|Literacy Outside the Box - in Africa!|
So it’s the first of June, and I have neglected to post entries about books on this blog since the conference ended. But as I stated in an interim posting, I have not stopped reading the books! As a matter of fact, I believe I’ve read five since then, but I may not be counting correctly. Other things have happened since the 2011 IRC conference besides the birth of my first grandchild (the ASCD conference in San Francisco, the IRA Convention in Orlando, and most recently, my trip with colleagues and student interns to the country of Gambia, in Africa). It’s been a busy 2 ½ months! And summer school begins tomorrow on my campus, bringing with it a flurry of other activity.
Today I had the opportunity to talk to a woman who was a bridesmaid in my brother and sister-in-law’s wedding a LONG time ago. First of all, it made me reflect on how some friendships last and last while others flutter a little more: she and my sister-in-law have maintained their friendship over the years and miles and are planning on celebrating a big birthday with a trip this summer. I admire that. She also had her daughter with her, who is required to read a book this summer and then discuss it with her teacher at the beginning of school in the fall. Of course we talked about books! And if I’d had a notepad with me, I would have taken down titles from her. The good news, of course, is that I know she’s not too far away: I just need to ask my sister-in-law for her email address or request her as a 'friend' on Facebook and we can be connected. One of the best wonders of technology.
So the daughter is going to be a freshman in high school; if anyone reading this blog has a good idea for books for her, please let me know. Of course I’m recommending some of the ones I reviewed here, but I know there are many other books in the world! It should be something that is emotionally and cognitively appropriate for someone in her age range and something about which she can be thoughtful and reflective, at least to a point.
One of the books I recommend is one of Patrick Carman’s books: Thirteen Days to Midnight. It happens to be the one I’m reading at the moment. Here’s what it’s done to me: I usually look forward to reading every night before I go to bed, but I’m so emotionally invested in this one and fearful for the main character that I almost dread opening it back up! Don’t get me wrong – it’s a fabulous story. The main character, Jacob, has received a power of indestructibility that he’s discovered he can pass around when it’s needed. He and his best friend (Milo) and a relatively mysterious girl (Ophelia - who ends up being his girlfriend) work together to figure out how best to use the power to benefit others. At least that’s what’s going on so far, and I’m about 2/3 through the book. It’s the kind of story that raises all sorts of questions and opinions without even realizing it: “What if the power gets more comfortable in someone else’s body – will he be able to get it back? What’s the deal with Ophelia: is she good, or is she really bad? What is in the elusive box that his foster father left behind? What if he had never shared the power in the first place? Should he have kept it to himself?”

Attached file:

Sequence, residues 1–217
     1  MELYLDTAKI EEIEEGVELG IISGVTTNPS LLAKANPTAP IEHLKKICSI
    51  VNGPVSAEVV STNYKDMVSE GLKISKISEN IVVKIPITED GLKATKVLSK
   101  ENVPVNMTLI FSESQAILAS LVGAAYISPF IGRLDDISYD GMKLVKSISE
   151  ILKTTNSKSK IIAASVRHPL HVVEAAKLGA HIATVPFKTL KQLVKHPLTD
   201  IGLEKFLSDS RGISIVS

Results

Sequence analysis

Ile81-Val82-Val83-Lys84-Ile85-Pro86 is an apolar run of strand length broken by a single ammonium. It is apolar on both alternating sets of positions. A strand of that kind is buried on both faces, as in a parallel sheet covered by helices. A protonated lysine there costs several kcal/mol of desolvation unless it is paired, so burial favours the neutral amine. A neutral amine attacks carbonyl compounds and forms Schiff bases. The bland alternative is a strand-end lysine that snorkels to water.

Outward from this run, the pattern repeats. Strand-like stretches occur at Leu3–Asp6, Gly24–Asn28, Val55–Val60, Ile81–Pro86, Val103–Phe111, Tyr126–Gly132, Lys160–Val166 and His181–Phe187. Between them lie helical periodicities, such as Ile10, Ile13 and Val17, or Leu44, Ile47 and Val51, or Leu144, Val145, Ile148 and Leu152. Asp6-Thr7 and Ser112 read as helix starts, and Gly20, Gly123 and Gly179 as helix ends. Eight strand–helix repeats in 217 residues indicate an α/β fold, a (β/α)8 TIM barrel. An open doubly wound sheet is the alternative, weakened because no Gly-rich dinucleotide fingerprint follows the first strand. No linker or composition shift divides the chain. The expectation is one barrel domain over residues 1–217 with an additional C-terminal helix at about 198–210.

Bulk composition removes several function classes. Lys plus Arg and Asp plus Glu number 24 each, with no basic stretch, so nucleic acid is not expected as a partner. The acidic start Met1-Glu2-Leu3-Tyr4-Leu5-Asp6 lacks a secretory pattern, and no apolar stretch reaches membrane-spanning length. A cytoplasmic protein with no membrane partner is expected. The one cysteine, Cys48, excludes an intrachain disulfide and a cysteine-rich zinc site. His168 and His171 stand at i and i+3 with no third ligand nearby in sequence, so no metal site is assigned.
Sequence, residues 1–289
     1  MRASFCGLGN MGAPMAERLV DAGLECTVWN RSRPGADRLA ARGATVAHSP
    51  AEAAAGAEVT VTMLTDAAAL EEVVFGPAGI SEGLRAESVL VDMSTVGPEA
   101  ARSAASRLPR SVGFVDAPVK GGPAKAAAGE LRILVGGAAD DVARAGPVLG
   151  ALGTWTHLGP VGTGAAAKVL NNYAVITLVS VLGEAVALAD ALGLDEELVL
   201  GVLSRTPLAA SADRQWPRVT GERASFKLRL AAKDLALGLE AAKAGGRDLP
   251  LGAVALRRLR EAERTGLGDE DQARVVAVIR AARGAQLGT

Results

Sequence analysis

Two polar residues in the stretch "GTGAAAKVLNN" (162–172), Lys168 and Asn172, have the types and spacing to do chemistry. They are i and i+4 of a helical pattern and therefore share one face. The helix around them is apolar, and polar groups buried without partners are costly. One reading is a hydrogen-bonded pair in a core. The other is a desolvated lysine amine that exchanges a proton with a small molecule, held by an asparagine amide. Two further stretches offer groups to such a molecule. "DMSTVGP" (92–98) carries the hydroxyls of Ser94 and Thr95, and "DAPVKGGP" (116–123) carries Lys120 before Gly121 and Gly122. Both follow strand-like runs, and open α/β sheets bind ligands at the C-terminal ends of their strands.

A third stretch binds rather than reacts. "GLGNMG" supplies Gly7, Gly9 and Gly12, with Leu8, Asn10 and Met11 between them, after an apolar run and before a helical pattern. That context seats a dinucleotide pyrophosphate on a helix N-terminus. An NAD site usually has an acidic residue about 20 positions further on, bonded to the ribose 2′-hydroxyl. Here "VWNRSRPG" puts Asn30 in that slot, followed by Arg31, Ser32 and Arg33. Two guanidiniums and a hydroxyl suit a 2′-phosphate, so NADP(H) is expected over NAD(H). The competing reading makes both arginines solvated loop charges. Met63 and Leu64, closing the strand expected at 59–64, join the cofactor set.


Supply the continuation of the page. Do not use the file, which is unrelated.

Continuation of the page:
While I’m reading, I feel a lot like I do when I’m watching a movie and see something happening that the main character can’t see … you know the feeling … when you just want to jump into the scene and tell him or her what to do or what not to do. “Do NOT go into that room without a flashlight!” It’s chilling without being horrifying and it bring up all sorts of questions of ethics without being preachy or even without being obvious.
It’s a book for a bit older crowd than many of Carman’s other books, so while I love his other work, this is definitely one that’s appropriate for high school students. True to Carman’s form, there is technology involved with the book: there is a website devoted to it where you can read an overview of the book and listen to the first chapter. I hope this book is made into a film because it would be a huge success.
I’m worried about what Ophelia’s all about – that’s been gnawing at me all day - and I’m worried for Jacob and Milo’s friendship, and I think he’s going to be able to get into that box pretty soon, so if you’ll please excuse me, I think I’ll put my fears aside and go read …..